Monday, January 28, 2008

Archbishop Ranjith does it again

I remember hearing the reports of the discussions at the Synond on the Eucharist and being rather disappointed by it all. One of the few interesting interventions was from a bishop from Kazakhstan who suggested that receiving Holy Communion in the hand and standing may be partly responsible for the decline in devotion to the Eucharist. It made sense to me but I was only sad that the idea was only being voiced in Kazakhstan. However Bishop Athanasius Schneider, Auxiliary Bishop of Karaganda in Kazakhstan, has written a book and Archbishop Ranjith has written the preface. He concurs with the bishop`s thesis. I can`t wait for archbishop Ranjith to take over as prefect of the CDW!

Here are some relevant extracts from the preface courtesy of the NLM blog where the whole preface may be read.

At the same time, speaking of communion in the hand, it must be recognized that the practice was improperly and quickly introduced in some quarters of the Church shortly after the Council, changing the age-old practice and becoming regular practice for the whole Church. They justified the change saying that it better reflected the Gospel or the ancient practice of the Church... Some, to justify this practice referred to the words of Jesus: "Take and eat" (Mk 14, 22; Mt 26, 26).
Whatever the reasons for this practice, we cannot ignore what is happening worldwide where this practice has been implemented. This gesture has contributed to a gradual weakening of the attitude of reverence towards the sacred Eucharistic species whereas the previous practice had better safeguarded that sense of reverence. There instead arose an alarming lack of recollection and a general spirit of carelessness. We see communicants who often return to their seats as if nothing extraordinary has happened... In many cases, one cannot discern that sense of seriousness and inner silence that must signal the presence of God in the soul....
Now I think it is high time to review and re-evaluate such good practices and, if necessary, to abandon the current practice that was not called for by Sacrosanctum Concilium, nor by Fathers, but was only accepted after its illegitimate introduction in some countries. Now, more than ever, we must help the faithful to renew a deep faith in the Real Presence of Christ in the Eucharistic species in order to strengthen the life of the Church and defend it in the midst of dangerous distortions of the faith that this situation continues to cause.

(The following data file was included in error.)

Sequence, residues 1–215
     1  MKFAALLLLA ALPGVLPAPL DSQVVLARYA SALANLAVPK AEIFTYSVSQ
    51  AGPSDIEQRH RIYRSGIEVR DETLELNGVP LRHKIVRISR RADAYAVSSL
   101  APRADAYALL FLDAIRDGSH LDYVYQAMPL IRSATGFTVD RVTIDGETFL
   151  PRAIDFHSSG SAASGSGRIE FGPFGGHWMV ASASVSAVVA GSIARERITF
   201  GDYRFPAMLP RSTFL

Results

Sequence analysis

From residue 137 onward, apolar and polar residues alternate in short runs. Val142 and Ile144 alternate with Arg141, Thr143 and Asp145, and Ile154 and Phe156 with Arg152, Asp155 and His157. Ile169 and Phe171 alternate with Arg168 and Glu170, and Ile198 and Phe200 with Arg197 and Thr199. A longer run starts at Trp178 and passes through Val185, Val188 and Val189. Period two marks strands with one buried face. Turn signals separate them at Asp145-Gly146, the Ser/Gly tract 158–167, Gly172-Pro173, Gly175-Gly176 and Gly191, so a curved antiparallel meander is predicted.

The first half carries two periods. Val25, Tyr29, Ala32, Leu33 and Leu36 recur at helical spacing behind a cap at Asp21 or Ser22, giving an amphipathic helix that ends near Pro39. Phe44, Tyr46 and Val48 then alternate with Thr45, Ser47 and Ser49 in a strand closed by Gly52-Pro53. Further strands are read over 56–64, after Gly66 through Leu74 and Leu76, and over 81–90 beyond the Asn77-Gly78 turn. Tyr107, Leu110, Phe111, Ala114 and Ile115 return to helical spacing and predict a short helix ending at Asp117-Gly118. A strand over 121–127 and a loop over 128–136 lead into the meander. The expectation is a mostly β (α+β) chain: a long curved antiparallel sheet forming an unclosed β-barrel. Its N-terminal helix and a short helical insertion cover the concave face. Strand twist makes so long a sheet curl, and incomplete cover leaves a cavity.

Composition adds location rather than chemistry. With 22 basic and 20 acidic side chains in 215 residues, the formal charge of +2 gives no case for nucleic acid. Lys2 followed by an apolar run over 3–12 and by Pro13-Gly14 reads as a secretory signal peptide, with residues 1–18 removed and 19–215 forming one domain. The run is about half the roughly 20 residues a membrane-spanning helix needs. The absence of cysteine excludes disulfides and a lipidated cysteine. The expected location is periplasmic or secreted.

Anonymous said...

Fabulous post Fr..thankyou.

Dr. Peter H. Wright said...

Yes, I remember Communion in the hand was introduced in England in 1975 0r 1976, as a concession to custom.

It wasn't customary at all.

It was an innovation.

But by then we had entered the era of novelty and liturgical abuse.

gemoftheocean said...

Just out of curiosity how old is the Archbishop? I can remember going to Mass preVatican II and Im afraid some people paint a false picture of the past. To be sure there were many more people going to Mass as a percentage -- but you can not isolate one give constant as allowing for communion in the hand. I suggest that when Humanae Vitae was issued, that's when things really went off the rails.

As it is pointed out elsewhere, the Poles are very pious people overall and they by and large do so with Novus Ordo Mass.

Mind you, I would dearly love to choke people who walk quite a few steps before consuming the Host immediately -- because they mess it up for the 95% who recieve in the hand respectfully. I also suggest that the mere act of receiving on the tongue doesn't guarantee a thing, that when a person gets back to the pew there is no guarantee they won't take it out of their mouth in a kleenex or something and hold a black mass with it. I'd caution against "assuming" about external appearances.

Fr Michael Brown said...

Karen,he was born on 15th November 1947, making him 60 years old. Does this matter? You are clearly out of sympathy with the whole liurgical direction of this papacy. Being the creatures we are we use our bodies to express ourselves. It is my opinion that our current Catholic practice is not working because we are encouraged to be casual in the presence of something that should be life changing. Not often officially encouraged but it seems to be in the Zeitgeist. Asking people to display more outward signs of reverence might drag their souls along with them. Yes Humanae Vitae was a turning point but the liturgical changes were a massive upheaval overnnight and the present papacy is encouraging us to reflect on it all, now the dust has settled, and to see whether it was all for the best. Clearly you are essentially happy with the liturgy as presented in most places today. Most of the blogs you contribute to are written by people who are not. Maybe one of us will persuade you one day!